The ancient Parthenon monument is reflected in a puddle following heavy rainfall in Athens. Sculptures from the frieze will be replaced to avoid damage from acid rain. ((Kostas Tsironis/Associated Press))

Greek authorities will move seven sculptures from the Parthenon into a museum and replace them with replicas to avoid damage from acid rain.

Natural erosion and pollution are taking a toll on the marble metopes.

Metopes are sculptures carved into square blocks in the friezes that stretch in a band above the columns of the ancient structure.

The metopes, most of battle scenes, will be exhibited in the new Acropolis Museum due to open next year, said Maria Ioannidou, director of the Acropolis restoration services.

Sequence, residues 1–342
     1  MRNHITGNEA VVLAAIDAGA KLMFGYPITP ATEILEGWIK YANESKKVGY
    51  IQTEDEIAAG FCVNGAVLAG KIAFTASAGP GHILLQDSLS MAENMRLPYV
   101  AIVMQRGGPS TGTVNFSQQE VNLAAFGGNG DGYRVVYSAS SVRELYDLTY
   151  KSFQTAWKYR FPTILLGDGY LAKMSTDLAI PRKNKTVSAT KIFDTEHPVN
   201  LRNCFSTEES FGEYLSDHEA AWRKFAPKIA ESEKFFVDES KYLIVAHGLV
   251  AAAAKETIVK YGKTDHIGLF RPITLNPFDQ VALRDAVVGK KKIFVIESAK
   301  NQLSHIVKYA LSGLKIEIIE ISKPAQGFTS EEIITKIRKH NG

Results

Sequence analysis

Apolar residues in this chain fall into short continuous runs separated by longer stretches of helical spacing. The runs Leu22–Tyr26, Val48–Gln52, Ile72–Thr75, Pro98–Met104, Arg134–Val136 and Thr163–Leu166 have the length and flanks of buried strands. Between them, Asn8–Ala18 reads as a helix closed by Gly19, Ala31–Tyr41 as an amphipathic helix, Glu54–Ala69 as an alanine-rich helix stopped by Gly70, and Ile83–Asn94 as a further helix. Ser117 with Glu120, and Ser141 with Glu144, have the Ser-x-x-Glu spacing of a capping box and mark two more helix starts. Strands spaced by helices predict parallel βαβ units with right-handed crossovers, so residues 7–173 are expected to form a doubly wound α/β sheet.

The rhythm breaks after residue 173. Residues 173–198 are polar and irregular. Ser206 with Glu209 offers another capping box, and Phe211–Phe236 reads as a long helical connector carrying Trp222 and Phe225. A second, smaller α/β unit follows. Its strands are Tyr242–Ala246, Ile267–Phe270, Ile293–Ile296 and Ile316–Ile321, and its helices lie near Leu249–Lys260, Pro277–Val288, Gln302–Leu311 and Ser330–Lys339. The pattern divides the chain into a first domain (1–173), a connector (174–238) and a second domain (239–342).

The metopes are among the Parthenon's few remaining original sculptures, dating from around 447 B.C. They will be replaced by replicas to maintain the structure of the building.

The sculptures have also been defaced by marauders over the centuries, including damage done by Christians when the Parthenon was converted into a church.

Removal of the sculptures is to be completed by 2008, archeologists said. Greece is in the midst of a major project to restore and preserve the fragile buildings of the Acropolis.